When talking about helping people with a bore-out, I am regularly interrupted in the middle of my story. Did I perhaps mean a burn-out? Once again, this proves: the burnout is a hot item, the bore-out is unknown – and possibly even unpopular. Why is this?

Achievement-driven society

In our society, attributes such as hard work, ambition and targets are greatly valued. Philosopher René Gude referred to this as a ‘sportified’ society: “Sport terms are penetrating our daily life. We can find flashing scoreboards in all corners of society. Polls and rankings are tripping over each another in order to prove their worth” (Gude, 2014). Not hard to imagine why so many people are flaking out in such a society, right?

Our achievement-driven society causes the succumbing to overly high pressure (as is the case for burn-out) to appear rather sympathetic. Someone worked enormously hard and has shown true work ethic – which is something that you, in a way, score points with.

To a bore-out, we attach a completely different picture: one of boredom and under-loading, something that we have a lot less understanding for. Even better: it is seen as a ‘luxury problem’. Because really, how harmful could boredom possibly be? Many of us wish that we would be bored, for once!

Bore-out is not a luxury problem

It is the most common misunderstanding surrounding the bore-out: that someone, per definition, has too little to do. This is a very one-sided view. It might be a cause: I know of a case in which someone got a bore-out because her company did not get enough new assignments for an extended period of time. But this is definitely not always the case! When talking about bore-outs, I therefore want to be quick to emphasise that it concerns inner boredom. You can have plenty of work and still get bored, because the work itself is not appealing to your talents, interests and qualities. Therefore, you cannot put enough of yourself in the work, you are not doing the things that you really want to do, and you lose the connection. The lack of real involvement eventually leads to a continuous increase in boredom. And that can be nerve-wracking!

More attention for bore-out

It is about time that we start paying attention to and acknowledging bore-out. Why? At least 7% of employees suffer from a bore-out (Source: Tedeschi, 2015, Swinnen, 2016). A faster recognition of this group by the employer means that we can more quickly adapt to it. It is not only better for the health of our employees, but it also prevents unnecessary absence or loss of productivity for the organization.

On top of that, more attention for bore-outs leads to people detecting the symptoms more quickly. When I started losing the connection to my work, about 3 years ago, I had never heard of the term bore-out before. The consequence was that I had to thoroughly research what this thing was that was haunting me, and where I had to look in order to find a solution. Now, I am grateful for this – as it allowed me to explore the theme of joy at work, and led to bore-out becoming my specialization. However, at that point in time, all I wanted to do was find a solution as soon as possible, and not knowing the term bore-out, didn’t really help…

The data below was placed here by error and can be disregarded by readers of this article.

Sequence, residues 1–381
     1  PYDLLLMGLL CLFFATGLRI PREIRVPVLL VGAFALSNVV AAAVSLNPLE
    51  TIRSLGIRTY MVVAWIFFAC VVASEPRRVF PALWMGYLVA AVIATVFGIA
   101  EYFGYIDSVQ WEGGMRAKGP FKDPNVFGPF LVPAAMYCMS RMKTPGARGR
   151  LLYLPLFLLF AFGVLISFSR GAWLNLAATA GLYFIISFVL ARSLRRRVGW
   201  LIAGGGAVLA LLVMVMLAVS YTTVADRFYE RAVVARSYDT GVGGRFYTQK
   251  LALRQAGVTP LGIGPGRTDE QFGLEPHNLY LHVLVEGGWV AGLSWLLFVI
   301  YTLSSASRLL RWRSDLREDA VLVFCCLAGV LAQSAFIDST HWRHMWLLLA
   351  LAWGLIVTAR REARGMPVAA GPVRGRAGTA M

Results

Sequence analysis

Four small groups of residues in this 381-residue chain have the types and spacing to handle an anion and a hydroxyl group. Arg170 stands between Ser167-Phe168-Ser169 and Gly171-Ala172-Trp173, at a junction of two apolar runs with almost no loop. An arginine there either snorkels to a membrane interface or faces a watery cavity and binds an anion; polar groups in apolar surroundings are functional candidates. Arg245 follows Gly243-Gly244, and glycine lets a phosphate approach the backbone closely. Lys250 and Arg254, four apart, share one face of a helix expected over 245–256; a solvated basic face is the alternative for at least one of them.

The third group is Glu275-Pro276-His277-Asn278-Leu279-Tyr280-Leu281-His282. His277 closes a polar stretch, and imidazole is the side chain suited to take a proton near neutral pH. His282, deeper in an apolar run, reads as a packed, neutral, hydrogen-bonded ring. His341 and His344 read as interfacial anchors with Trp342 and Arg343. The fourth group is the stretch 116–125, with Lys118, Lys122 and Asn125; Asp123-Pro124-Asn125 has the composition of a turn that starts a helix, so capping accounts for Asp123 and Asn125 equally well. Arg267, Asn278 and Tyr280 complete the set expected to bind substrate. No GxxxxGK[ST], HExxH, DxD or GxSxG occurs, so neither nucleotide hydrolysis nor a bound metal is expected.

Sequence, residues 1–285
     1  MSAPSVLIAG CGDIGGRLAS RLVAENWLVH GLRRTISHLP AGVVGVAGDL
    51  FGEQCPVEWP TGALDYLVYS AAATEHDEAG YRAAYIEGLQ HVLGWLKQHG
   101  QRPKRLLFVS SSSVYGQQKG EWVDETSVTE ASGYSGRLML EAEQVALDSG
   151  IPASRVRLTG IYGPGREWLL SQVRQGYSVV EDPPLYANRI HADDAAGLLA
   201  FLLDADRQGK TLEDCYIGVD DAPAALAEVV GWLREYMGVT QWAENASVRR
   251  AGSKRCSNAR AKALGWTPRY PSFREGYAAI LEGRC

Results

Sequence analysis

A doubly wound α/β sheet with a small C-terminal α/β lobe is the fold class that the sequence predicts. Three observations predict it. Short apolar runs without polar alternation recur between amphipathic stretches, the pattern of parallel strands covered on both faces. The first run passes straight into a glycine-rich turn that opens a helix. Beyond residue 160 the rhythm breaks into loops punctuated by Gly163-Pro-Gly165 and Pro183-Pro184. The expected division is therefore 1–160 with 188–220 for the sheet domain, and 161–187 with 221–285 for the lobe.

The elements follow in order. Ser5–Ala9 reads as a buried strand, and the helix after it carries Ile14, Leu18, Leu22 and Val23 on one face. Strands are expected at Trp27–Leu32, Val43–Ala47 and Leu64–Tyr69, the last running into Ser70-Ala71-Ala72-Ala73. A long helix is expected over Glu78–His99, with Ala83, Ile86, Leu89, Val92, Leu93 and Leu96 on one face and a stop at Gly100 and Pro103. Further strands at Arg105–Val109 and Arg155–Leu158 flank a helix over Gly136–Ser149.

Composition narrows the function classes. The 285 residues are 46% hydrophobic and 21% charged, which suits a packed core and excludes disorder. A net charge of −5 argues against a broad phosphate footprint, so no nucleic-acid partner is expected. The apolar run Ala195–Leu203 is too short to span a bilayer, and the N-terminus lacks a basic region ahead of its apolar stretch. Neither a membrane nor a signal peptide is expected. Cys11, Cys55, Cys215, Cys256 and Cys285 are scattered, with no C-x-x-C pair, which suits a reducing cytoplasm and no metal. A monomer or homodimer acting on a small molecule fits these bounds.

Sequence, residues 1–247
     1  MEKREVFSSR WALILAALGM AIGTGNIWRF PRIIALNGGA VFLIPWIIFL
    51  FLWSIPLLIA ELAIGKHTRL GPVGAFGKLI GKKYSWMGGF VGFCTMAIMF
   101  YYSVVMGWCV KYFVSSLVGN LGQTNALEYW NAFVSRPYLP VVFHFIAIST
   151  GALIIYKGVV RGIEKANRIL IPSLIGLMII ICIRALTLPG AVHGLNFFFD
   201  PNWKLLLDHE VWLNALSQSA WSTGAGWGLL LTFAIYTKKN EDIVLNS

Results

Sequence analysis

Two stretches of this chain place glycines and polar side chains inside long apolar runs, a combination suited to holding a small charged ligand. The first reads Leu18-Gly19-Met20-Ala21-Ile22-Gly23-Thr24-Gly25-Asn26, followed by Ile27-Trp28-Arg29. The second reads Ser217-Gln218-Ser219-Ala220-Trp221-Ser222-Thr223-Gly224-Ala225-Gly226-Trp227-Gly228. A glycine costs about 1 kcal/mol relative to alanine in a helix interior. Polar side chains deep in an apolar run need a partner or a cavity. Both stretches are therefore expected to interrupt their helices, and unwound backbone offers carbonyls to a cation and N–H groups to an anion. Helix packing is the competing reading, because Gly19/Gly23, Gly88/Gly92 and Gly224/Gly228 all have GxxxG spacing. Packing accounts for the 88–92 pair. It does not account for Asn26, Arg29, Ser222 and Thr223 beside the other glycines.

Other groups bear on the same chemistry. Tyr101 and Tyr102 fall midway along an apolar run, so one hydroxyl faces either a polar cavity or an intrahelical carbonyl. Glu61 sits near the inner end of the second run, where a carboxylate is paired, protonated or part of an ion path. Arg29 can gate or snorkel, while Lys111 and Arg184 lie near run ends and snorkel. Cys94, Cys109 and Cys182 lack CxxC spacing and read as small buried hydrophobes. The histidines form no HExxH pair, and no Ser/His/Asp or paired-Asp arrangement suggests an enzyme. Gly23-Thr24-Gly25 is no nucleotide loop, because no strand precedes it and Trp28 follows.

Your passions and talents as compass

The bore-out also exposes a societal problem. The fact that there are so many people performing a job that might offer them security, but does not directly connect to their own passions or talents, must be rooted in something larger. In our society, we greatly value security. As a result of this, many people make practical choices. Completely understandable: did we ever learn – at school, for example – to fully explore our dreams? Was there ever any attention paid to how to further develop our talents? Or have we learned to reflect on our own needs and values, when it comes to work? For the majority of us, the answer will be a resounding ‘no’. Therefore, many of us do not have an internal compass to rely on when sailing the rocky roads of our (career) choices. Then, how can we be expected to find work that seamlessly fits our passions and capacities?

Signal to society

The existence of the bore-out is therefore a signal to the society as well. We are allowed to question: does our education offer enough possibilities for people to learn to know themselves and to develop their own talents? Within organisations, does the obtaining of results go hand in hand with the personal development and needs of employees? And, last but not least: do we, as humans, feel sufficiently connected to one another, enough to openly discuss our passions and talents, and ask each other for help in thinking out our career path?

It is my mission to give bore-out the attention that it deserves, and help people that are dealing with it on their way to more joy at work. Would you like to read more about the bore-out, then have a look right here.

Were you already familiar with the term bore-out? Have you ever mapped out what your passions and talents are? Or is there sufficient attention paid to this at your work? Leave a message below!

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